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Tuesday, 16 October, 2001, 14:42 GMT 15:42 UK
EU combats terror funding
Banks will be asked to provide suspects' details
The European Union has announced a major crackdown on money-laundering, as ministers meet to discuss anti-terrorism measures in the wake of the 11 September attacks.

We call on the rest of the world - including offshore centres - to implement regulations requiring institutions to report suspicious assets

UK Chancellor Gordon Brown
The new measures will mean that a whole range of professionals - including accountants, estate agents and lawyers - will be required to report any "suspicious transactions" they come across.

Even casino owners and traders in precious stones would have to be on alert.

The plans to tighten the rules have been under discussion for more than two years, but have been given added urgency by the terrorist attacks.

Osama Bin Laden
EU members are trying to track down Bin Laden followers
They will have to be ratified by ministers and the European parliament before taking effect in some 18 months.

"We call on the rest of the world - including offshore centres - to implement regulations requiring institutions to report suspicious assets," said Gordon Brown, Britain's chancellor of the exchequer.

"We should stand shoulder to shoulder to root out the financial lifeblood of terrorism."

The move comes as European ministers of finance, home affairs and justice hold a series of meetings in Luxembourg to discuss how their efforts to combat terrorism are taking shape.

As the war on terror finances is stepped up, ministers are also working on joint ways to:

  • Share information on bank accounts believed to be held by criminals.
  • Take punitive action against states which are not seen as adhering to international norms on combating money-laundering, with the Philippines and the tiny Pacific island of Nauru at the top of the list.
  • Follow up the inquiries into whether the 11 September terrorists also profited from their crimes by investing in key shares before the attacks, and selling them afterwards.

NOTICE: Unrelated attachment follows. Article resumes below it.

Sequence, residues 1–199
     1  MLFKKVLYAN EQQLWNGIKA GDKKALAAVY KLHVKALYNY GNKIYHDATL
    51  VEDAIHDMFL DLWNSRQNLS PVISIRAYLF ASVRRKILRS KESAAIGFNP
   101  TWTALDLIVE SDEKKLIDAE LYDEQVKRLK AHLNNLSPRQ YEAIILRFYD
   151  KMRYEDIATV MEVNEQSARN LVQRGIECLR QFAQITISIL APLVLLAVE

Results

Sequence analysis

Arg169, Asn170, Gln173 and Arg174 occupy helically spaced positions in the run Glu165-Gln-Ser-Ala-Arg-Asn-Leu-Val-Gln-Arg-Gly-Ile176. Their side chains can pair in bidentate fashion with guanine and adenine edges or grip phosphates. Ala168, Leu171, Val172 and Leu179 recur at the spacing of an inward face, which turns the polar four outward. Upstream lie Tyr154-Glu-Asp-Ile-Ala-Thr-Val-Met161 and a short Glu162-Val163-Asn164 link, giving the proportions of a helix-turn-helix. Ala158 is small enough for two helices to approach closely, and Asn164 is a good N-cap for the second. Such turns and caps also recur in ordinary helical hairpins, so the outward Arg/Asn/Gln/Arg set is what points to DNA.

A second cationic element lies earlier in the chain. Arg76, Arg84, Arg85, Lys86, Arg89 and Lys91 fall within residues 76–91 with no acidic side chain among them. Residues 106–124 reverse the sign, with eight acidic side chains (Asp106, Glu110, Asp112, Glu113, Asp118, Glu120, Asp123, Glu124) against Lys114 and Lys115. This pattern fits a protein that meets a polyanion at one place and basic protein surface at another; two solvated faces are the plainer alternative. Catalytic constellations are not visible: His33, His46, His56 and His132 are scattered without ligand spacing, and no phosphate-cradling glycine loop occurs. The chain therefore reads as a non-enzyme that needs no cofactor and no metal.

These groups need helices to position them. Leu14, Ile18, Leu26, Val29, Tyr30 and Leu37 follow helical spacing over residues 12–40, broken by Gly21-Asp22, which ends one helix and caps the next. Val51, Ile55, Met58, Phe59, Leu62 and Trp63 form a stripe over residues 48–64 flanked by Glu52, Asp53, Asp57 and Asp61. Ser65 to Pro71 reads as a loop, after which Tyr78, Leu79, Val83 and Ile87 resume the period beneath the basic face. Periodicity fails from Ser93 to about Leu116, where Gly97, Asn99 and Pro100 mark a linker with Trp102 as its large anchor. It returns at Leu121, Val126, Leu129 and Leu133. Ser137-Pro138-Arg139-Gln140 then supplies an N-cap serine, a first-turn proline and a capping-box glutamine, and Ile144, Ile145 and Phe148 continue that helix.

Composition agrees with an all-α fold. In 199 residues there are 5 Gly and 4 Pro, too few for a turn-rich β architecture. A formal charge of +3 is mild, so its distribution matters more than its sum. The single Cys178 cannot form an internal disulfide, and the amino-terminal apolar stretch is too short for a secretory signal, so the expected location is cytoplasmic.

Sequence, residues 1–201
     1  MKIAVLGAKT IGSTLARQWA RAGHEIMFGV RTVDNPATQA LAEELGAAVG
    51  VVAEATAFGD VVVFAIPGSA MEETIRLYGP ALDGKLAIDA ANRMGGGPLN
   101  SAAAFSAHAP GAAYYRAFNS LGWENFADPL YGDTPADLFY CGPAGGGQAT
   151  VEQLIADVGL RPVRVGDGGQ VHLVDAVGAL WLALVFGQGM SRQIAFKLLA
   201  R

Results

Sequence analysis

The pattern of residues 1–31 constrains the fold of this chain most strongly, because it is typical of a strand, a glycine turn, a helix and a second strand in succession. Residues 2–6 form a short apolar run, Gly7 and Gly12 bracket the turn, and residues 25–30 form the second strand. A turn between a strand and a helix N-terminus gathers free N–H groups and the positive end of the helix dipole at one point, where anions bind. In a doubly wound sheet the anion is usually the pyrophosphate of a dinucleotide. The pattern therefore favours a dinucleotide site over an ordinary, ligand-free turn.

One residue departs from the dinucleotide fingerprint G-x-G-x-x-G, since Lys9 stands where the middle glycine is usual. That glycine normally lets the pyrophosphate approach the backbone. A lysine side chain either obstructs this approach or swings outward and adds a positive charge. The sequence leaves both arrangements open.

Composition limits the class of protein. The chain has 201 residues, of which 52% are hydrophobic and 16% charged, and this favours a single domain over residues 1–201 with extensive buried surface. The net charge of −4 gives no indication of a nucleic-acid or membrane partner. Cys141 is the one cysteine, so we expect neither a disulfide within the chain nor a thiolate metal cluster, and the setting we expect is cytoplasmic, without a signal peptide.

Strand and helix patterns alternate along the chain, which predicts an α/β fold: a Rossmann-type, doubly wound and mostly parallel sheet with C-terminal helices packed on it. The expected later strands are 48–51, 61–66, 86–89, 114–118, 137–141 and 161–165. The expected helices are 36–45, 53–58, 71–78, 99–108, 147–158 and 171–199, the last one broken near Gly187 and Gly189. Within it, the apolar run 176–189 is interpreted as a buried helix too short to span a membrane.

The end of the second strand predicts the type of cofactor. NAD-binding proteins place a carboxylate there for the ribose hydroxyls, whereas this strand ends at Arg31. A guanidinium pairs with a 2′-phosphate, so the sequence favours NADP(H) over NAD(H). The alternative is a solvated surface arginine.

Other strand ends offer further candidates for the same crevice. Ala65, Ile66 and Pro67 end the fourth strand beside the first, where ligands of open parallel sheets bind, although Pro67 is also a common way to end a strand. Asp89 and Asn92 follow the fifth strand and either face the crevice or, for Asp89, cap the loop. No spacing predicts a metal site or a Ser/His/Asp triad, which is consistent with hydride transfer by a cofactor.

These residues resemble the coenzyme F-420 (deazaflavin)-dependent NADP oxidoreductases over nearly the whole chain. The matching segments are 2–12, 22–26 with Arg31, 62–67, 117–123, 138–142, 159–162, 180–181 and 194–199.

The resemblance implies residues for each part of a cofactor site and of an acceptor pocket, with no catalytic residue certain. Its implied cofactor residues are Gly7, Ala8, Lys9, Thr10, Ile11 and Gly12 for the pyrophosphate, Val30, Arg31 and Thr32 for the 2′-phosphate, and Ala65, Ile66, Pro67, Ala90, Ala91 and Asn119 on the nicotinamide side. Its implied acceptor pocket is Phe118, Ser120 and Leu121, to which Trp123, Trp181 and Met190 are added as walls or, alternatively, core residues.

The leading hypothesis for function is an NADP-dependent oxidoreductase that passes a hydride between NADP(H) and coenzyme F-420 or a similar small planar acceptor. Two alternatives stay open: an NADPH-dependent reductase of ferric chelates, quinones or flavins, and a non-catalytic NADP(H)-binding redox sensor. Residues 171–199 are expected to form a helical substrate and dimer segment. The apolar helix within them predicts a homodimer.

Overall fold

The BBC's Patrick Bartlett in Luxembourg says there has been no conclusive proof that terrorists played the markets, despite strong rumours.

"There is no clear pattern emerging," he said. "It is proving difficult to substantiate the claims."

He says that the sanctions under discussion might include a ban on European banks opening branches in countries suspected of holding funds for terrorists' use.

'Unco-operative' countries

An EU official told the French news agency AFP that the 15 EU states had agreed to impose penalties on third countries considered "particularly unco-operative" in fighting money-laundering.

A total of 19 countries have already been identified as "unco-operative", according to AFP.

Thirteen countries seeking EU membership will also have to adhere to the money-laundering regulations, including Hungary, which is currently on the blacklist of suspect countries. Russia has also been named as problematic.

At a separate meeting this evening, attended only by justice ministers and interior ministers, proposals for an EU-wide definition of terrorism and an EU-wide arrest warrant will be under discussion, but no decisions are expected, a commission spokesman said.

The BBC's Patrick Bartlett
"Within days of the US attacks suspicions were aroused"
Richard Corkhill, Isle of Man Treasury Minister
"We've examined our systems to make sure we don't play a part in funding terrorism"
See also:

16 Oct 01 | Americas
Canada tightens net on terrorism
15 Oct 01 | Business
Conference targets terror funds
28 Sep 01 | Business
Net closes on terror cash
24 Sep 01 | Americas
Bush calls halt to terror funding
24 Sep 01 | Business
Will Bush's asset freeze work?
19 Sep 01 | Business
Following the money trail
18 Sep 01 | Business
Bin Laden 'share gains' probe
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